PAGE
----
Another impressive sight – this time a deep, narrow and rugged canyon in central Colorado. It’s a couple thousand feet deep, yet in places it’s only a quarter mile wide at the top and less than a hundred feet wide at the bottom. Many of the canyon walls seem to be near vertical. The Black Canyon of the Gunnison is interesting example of what water can do when it’s in a hurry to get down a hill.
We spent the day touring, taking short hikes, and checking out the overlooks.
It’s possible to hike/scramble to the bottom of the canyon. The trails are not marked and very steep – as much as 1900 ft. in a mile of scramble. We stayed up on the rim.
Late in the afternoon, as we were leaving, we overheard a Ranger talking to a middle aged man. We inferred that someone was lost in the canyon and asked the man if we could help. He explained that he and his wife had hiked to the bottom and his wife had taken a different route up and had not been seen since. The ranger was hiking up and down various trails looking for her. We hung around to see if he needed anything, but though quite distressed, declined our offers.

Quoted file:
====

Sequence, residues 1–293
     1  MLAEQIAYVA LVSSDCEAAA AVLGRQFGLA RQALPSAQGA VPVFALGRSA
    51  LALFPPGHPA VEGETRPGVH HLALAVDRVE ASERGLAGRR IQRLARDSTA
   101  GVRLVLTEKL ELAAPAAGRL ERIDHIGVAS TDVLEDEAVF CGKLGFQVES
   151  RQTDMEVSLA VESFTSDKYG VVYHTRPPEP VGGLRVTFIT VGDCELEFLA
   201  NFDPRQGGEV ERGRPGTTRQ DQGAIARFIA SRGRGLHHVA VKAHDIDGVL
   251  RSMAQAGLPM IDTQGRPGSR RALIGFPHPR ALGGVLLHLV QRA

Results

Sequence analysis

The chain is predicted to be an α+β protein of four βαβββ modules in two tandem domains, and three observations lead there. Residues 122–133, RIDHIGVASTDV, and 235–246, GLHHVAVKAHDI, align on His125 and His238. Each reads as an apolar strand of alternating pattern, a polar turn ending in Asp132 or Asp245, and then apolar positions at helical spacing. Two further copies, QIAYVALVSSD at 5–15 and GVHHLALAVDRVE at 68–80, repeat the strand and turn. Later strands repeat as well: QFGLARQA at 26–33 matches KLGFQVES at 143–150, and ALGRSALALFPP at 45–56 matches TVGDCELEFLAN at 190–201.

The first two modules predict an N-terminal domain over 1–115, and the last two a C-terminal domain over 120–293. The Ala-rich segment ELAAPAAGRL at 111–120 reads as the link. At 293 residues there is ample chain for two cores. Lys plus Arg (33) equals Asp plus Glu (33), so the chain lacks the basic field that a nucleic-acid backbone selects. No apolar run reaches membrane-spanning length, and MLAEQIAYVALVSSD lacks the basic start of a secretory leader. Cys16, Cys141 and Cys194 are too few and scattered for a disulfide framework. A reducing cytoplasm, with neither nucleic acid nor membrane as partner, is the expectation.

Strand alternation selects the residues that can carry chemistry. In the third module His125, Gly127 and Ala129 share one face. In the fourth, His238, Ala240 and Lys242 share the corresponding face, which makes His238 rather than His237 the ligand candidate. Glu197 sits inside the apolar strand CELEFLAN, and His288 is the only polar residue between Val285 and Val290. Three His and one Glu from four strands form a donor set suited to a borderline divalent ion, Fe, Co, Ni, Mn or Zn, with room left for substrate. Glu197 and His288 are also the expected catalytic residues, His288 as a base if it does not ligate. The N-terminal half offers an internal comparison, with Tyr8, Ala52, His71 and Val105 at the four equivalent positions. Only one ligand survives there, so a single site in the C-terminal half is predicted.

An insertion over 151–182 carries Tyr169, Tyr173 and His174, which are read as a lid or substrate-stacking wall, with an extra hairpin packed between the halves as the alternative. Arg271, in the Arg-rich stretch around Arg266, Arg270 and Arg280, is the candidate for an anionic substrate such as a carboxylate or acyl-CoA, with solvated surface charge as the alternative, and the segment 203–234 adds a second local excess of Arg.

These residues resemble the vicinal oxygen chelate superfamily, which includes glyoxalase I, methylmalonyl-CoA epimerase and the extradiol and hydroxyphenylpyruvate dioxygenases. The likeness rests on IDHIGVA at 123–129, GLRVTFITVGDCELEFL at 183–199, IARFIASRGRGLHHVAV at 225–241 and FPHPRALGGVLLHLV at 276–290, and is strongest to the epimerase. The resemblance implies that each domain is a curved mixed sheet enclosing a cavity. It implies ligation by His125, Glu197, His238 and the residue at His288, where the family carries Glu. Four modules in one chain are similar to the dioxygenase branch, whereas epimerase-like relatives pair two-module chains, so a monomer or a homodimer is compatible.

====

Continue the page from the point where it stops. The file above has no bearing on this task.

Hope she’s OK. It’ll be freezing tonight, and as all he had was a water bottle and summer clothes, odd are that she’s not prepared either.
Early in the day there was more haze. I suspect that it’s pollution, not smoke. When we were in Dinosaur National Monument years ago, the Park claimed that California and China both contribute to the haze in the west.
Photos don’t adequately represent the canyon. I’ll try anyway.
The last two photos show the near vertical canyon walls.
The Black Canyon of the Gunnison is obviously not anywhere near the scale of the Grand Canyon, but because it’s much easier to see the far rim – a quarter or half mile away instead of eleven miles, and because of the depth and narrowness, it’s in some ways more interesting.
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